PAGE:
Date number two was a ginger with a fondness for kink. We made plans to meet at a bar conveniently within walking distance for both of us. As I stepped out of my apartment, a tall, thin red head in a yellow t-shirt walked past. I was pretty sure it was my date, but not completely certain, so I didn’t say anything, I just creepily stalked him the two blocks to the bar. The muscles of his back beneath his t-shirt. His pale neck.

Even after we both walked into the same bar, I still wasn’t entirely sure it was him, so I ordered a drink and studied his pics on the app where we’d met. Finally I opted to trust the statistical probability and introduced myself. We had a fun conversation about fetishes and the flakiness of men in Seattle. The bar was playing 80s music, and I periodically paused to sing along.

In the middle of “Heart and Soul” by T’Pau, he told me, “My mom really likes this song.”

I couldn’t help thinking that his mom and I probably would have had more in common. Not long after that, because we lived on the same street, he walked me home and kissed me on the cheek at the door to my apartment.

The third, and final, of my awkward dating triumvirate was with a 39 year old man, who owned his own home in West Seattle, and who, via APP at least, had engaged me with his witty banter.

He had dark hair, and wore glasses. Taller than me, but so is everyone. He dressed like a J Crew mannequin, but it suited him. We met at a neuvo-Southern place that boasted booths made from old, church pews.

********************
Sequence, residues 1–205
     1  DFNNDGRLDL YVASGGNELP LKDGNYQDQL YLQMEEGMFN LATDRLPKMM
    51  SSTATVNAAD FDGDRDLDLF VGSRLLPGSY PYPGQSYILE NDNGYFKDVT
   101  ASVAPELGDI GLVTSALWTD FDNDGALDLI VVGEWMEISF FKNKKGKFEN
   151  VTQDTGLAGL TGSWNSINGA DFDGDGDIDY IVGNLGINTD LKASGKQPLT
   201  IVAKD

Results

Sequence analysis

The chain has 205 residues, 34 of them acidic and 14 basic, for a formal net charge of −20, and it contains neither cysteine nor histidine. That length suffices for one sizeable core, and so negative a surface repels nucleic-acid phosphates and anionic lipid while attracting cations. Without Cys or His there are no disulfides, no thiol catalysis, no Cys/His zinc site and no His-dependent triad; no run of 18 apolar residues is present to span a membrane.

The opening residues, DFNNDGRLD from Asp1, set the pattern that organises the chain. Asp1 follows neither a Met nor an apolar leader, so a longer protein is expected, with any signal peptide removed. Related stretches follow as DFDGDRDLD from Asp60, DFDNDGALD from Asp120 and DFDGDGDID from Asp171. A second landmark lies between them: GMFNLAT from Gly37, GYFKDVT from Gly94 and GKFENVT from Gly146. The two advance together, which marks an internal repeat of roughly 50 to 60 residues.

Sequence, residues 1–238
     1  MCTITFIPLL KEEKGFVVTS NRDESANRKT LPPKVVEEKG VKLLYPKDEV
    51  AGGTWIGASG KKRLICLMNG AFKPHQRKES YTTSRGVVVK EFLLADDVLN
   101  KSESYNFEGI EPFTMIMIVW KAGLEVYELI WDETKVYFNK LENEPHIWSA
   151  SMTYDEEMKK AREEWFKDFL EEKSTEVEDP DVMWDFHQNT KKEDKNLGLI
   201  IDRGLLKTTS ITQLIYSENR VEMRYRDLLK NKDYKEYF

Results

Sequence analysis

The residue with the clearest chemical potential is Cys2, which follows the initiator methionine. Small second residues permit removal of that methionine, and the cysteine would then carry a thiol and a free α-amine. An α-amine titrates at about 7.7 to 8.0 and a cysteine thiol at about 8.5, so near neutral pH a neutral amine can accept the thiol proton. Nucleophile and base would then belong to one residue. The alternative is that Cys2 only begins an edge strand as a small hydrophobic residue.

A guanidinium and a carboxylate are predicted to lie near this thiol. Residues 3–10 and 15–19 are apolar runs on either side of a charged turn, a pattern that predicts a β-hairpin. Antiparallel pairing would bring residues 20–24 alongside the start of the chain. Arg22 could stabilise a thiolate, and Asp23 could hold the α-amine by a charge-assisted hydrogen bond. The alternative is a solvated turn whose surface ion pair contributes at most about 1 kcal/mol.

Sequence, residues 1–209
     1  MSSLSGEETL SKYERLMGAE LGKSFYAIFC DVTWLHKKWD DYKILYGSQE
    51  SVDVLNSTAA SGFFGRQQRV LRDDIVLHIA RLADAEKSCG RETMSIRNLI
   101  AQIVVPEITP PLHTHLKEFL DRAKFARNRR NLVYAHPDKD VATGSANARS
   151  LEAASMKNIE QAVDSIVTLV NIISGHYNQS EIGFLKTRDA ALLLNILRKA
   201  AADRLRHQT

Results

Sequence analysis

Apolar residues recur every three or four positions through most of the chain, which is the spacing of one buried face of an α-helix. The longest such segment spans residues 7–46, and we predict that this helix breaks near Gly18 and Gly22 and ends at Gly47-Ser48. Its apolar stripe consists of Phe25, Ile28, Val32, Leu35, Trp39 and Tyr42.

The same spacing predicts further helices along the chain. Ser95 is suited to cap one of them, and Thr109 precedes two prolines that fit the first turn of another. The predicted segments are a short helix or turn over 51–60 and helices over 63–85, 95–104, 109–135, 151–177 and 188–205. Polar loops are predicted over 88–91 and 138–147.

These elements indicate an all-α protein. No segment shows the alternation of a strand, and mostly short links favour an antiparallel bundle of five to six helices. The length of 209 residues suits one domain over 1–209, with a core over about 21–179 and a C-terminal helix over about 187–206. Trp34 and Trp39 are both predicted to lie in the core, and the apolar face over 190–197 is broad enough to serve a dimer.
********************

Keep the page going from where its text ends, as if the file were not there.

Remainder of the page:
As he sidled up to me, he said, “Lance?” I could tell from the inflection that it was recognition, and as soon as we were standing face to face, I recognized him too. We’d briefly dated 13 years ago when I’d lived in Seattle the first time around.

I was surprised that he recognized me since, back then, I still had hair, didn’t have a beard, and wasn’t nearly as buff as I am now. He looked basically the same. I remembered exactly two pieces of information about him. 1). He was obsessed with Tina Turner, and 2). His father had killed himself. After the initial, awkward realization that this wasn’t our first date, we settled into a comfortable spot outside, and caught up on the past decade plus over fried pickles and poutine.